Traditionally on Leap Day (Feb. 29) it's OK for women to propose to men. Isn't it time we did away with this outdated tradition?
In many countries around the world Leap Day is also known as "Bachelor's Day." On this date women are allowed to ask men to marry them. Historians actually don't know for certain how Bachelor's Day started and there are plenty of inconsistencies within the most commonly cited legends.
According to Irish legend, this tradition emerged after St. Brigid arranged a deal with St. Patrick in the fifth century. Or it may have begun in 1288 when Queen Margaret of Scotland enacted a law to allow the gender-reversed proposals. A fine would be charged upon a man who refused a proposal. He would have to buy a gown or pay the woman money. In some European countries it's tradition to buy the rejected woman twelve pairs of gloves to adequately hide the shame of not having a ring.
Perhaps we could give a new meaning to Leap Day? In the same way we need it to balance our calandar we also need it to help balance gender inequalities.
The only problem with this idea, of course, is that one day every four years doesn't really do the job.
Most heterosexual marriages begin in the same way: the man proposes to the woman, she accepts and they are engaged. An AP poll shows that only 10 percent of British marriages were initiated by a woman's proposal.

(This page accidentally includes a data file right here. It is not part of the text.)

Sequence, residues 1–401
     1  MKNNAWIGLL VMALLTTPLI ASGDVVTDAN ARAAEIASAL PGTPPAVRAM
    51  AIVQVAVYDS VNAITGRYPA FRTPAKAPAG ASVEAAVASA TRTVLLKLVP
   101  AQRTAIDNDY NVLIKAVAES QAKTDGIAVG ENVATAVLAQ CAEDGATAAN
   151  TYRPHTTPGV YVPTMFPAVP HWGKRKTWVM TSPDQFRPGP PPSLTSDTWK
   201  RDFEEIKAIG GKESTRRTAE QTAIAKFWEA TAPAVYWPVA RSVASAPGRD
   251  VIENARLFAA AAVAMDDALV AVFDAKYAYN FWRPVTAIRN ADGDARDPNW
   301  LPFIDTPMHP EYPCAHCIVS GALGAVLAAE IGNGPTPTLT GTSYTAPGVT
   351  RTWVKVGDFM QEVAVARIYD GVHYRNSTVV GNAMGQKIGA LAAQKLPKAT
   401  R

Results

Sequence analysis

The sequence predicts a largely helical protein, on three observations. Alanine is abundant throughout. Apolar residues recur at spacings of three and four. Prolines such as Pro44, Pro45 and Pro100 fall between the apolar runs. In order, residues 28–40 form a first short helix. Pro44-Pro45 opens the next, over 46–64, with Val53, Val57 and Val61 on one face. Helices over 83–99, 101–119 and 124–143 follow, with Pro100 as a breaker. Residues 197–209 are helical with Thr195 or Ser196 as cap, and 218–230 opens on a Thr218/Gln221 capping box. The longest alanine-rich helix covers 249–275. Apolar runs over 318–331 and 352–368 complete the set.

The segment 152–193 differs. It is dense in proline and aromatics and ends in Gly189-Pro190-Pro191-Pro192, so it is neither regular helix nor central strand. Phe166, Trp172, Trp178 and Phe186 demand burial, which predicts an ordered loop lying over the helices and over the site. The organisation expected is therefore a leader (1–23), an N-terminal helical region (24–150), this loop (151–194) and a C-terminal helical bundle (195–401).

A 2012 study from the University of California, Santa Cruz, examined gender-based attitudes towards marriage and found that over two-thirds of heterosexual participants (both male and female) "definitely" wanted the man in the relationship to propose. Only 2.8 percent of women said they'd "kind of" want to propose, while no man registered a "kind of" preference for a woman to propose to him. Nobody at all, male or female, said that they'd "definitely" want the woman to propose.
However relatively few people are against the general idea of a woman proposing: an AP-We TV poll found that 75 percent of respondents deemed it perfectly fine for a woman to propose. In theory, that is: not them or their partner.
A marriage is an important relationship which — ideally — is entered into mutually. Therefore surely it doesn't matter who proposes in the same way it doesn't matter who the first to say "I love you" is, or who first brings up the possibility of living together. It just doesn't make sense that there is such a gender bias.
The bias is not in line with the gender attitudes it seems people want to have. We want there to be equality and most of us acknowledge that there is nothing wrong with a woman asking a man for his hand in marriage. But these beliefs are at odds with what we actually do. There still lingers the dream of romance, the Prince Charming sweeping his lady off her feet, falling to his knee to present her with a shiny ring. Relationships are very rarely like this and it's all the better that they involve two complex people with agency and desires. Entering into a marriage is entering into a lifetime of learning about this other person beyond their surface-level sheen.
So if you believe that a woman should be entitled to propose to a man it might be worth considering doing it (or at least considering why you won't). On any day of the year.
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